For the past year I’ve been toying with the idea of documenting my journey into the world of photography. I am at the point that I can no longer keep thinking about it. Time to move! Time to stop thinking about it and just start doing it. So here it is, the start of “Inside my head”. Currently I imagine it will be about the journey, my thoughts on matters of photography, some praise that I certainly owe to those that pushed me, helped me focus and those who inspired me. I also expect to rant a little and get some things off my chest that I see along my journey. Hopefully the series will be entertaining to read along. I hope it will possibly help others who are starting their own photography business in some way or in the least provide them a little comfort in knowing they are not alone at the start.
It all started when I attended my step daughters competition cheerleading event in 2011. Like most parents I was there with my little digital 10 megapixel point and shoot camera ready to capture the high-flying excitement of the competition. The high school gymnasium was dark and parents were restricted to certain seating areas with pretty crappy views. This camera didn’t have the zoom capability needed and the little flash it had certainly couldn’t reach far enough to have the impact it needed to have….but I tried and tried to get a cool shot of her in the air. The lag between the action happening and my brain telling my finger to press the shutter button, hindered even further by the camera’s limits just couldn’t keep up with the fast paced event. By the time I took one crappy blurry picture and waited for the image to write to the memory card the cheer team would blow through 5 other cool photo worthy moves on the competition floor before I could take another picture. dammit! I was missing the action and the pictures were turning out horrible. I needed something better in my hands!
I always wanted one of those big cool looking DSLR cameras and I knew I needed one to document the stunts the team was performing every time they went on the floor. I had a long discussion with my wife and got her blessing that I could spend a significant amount of money on a shiny new camera. I called upon a friend who knew a thing or two about photography and asked him for suggestions on a decent camera that had the most bells and whistles and best bang for the buck. With the stipulation that I would most likely push the technology I purchased to its limits because that is the way I roll he suggested a Canon Rebel T2i. It was a fairly new camera out on the market and had a lot of pro features packed into a consumer grade camera. It would allow me to get the shots I wanted and give me freedom to explore many aspects of photography. I ended up getting a kit that came with a 18-55mm lens and a 55-250mm lens.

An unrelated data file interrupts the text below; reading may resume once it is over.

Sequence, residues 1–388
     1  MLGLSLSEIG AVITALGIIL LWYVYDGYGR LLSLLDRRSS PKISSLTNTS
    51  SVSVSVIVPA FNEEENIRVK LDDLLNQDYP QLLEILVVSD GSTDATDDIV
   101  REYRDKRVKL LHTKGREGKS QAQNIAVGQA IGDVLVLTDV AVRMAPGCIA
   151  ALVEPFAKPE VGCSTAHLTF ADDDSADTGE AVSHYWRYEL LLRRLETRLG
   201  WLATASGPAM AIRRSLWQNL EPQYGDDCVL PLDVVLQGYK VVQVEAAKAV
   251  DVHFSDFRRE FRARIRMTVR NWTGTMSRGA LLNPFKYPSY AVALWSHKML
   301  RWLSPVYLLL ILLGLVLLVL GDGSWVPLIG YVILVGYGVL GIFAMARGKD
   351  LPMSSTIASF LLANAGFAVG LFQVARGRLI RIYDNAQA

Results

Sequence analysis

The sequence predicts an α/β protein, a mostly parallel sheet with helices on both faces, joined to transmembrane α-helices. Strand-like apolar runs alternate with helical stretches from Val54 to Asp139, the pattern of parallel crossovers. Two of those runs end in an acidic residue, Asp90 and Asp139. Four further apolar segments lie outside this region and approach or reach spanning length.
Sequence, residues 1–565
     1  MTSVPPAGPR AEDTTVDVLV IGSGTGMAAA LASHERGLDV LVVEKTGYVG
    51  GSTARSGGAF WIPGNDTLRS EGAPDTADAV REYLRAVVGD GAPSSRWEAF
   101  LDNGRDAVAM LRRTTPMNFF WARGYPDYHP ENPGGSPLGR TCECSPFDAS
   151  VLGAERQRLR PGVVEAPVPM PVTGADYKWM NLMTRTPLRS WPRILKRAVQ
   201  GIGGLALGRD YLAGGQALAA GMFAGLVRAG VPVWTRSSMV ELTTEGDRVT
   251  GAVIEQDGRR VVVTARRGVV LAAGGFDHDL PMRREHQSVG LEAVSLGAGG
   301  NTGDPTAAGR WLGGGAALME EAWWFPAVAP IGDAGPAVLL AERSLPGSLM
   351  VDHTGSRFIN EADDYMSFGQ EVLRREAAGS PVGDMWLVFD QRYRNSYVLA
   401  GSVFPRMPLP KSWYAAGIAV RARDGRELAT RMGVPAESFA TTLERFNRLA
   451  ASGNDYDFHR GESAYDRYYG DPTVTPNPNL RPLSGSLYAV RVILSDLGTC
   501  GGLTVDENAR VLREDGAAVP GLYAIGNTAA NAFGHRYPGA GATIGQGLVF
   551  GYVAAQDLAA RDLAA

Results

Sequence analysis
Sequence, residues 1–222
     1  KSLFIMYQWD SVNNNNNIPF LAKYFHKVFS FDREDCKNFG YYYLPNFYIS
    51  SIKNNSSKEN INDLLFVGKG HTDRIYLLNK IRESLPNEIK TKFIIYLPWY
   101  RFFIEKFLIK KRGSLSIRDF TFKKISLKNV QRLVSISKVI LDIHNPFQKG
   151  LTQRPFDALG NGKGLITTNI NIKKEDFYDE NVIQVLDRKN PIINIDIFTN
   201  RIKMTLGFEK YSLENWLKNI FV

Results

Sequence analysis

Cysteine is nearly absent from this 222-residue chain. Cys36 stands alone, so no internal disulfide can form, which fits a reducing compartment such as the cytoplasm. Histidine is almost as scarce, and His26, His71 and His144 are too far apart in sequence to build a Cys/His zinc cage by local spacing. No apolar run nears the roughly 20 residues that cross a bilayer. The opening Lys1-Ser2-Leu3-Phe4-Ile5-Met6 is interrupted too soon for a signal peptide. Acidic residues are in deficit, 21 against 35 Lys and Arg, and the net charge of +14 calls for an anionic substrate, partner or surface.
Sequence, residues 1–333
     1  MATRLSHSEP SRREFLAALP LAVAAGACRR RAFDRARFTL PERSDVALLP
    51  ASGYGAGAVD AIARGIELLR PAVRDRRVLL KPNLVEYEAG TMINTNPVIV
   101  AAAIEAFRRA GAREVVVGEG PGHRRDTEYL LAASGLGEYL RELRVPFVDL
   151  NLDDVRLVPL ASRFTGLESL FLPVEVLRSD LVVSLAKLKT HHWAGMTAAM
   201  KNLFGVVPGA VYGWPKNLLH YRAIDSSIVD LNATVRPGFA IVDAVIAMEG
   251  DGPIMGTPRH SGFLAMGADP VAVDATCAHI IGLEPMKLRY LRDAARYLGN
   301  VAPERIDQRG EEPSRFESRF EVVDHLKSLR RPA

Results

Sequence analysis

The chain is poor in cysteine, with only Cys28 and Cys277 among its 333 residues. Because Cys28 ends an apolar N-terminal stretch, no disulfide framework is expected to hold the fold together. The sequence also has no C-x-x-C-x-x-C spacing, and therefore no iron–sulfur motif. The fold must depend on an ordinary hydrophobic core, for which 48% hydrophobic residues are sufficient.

For the first two weeks I shot the camera in auto and read the owner’s manual from front to back. After reading and researching I learned that the “M” on the dial stood for manual. “M” meant the person operating the camera makes all the decisions. It also meant that you either figured out how to control everything on the camera or you miss the shot and fail real quick. I am the type that is willing to fail for the sake of learning. There is a lot of buttons on the camera and they have to be there for a reason. I wanted to know what each buttons purpose was and what it did. From that point on I switch my dial to “M” and never looked back. I failed and failed and failed. Then finally I got the image I was looking for below.
In short….that is basically how the journey starts for me. Sure….I could say I’ve always enjoyed taking pictures and I certainly did my fair share of pointing and clicking through the years preceding my first DSLR camera, but I never appreciated the art of photography nor did I take the time to understand it or had the willingness to learn. When I switched that dial to “M” something inside me was awakened. That is when the passion started. Which brings me to another point. I recently read an article where Mike Rowe responded to a fan’s question. Part of Rowe’s response was this “Just because you’re passionate about something doesn’t mean you won’t suck at it. And just because you’re determined to improve doesn’t mean that you will”. Oh how true Mr. Rowe…..oh how true. I notice a lot of photographers bio’s shouting to the mountain tops about how “passionate” they are. Every time I read anothers photographer bio I’m on the defensive as I read on. Usually within the first three sentences of reading a nagging voice is sounding off in my head saying “wait for it….wait for it…..there it is….”Passionate”. OK….so at this point I had passion and determination to learn, but at this point I pretty much sucked and got lucky with that shot above. I wanted the knowledge it took to pull that off on command any time I had the camera in my hand. So now the journey really starts.
Until next time, keep on shooting!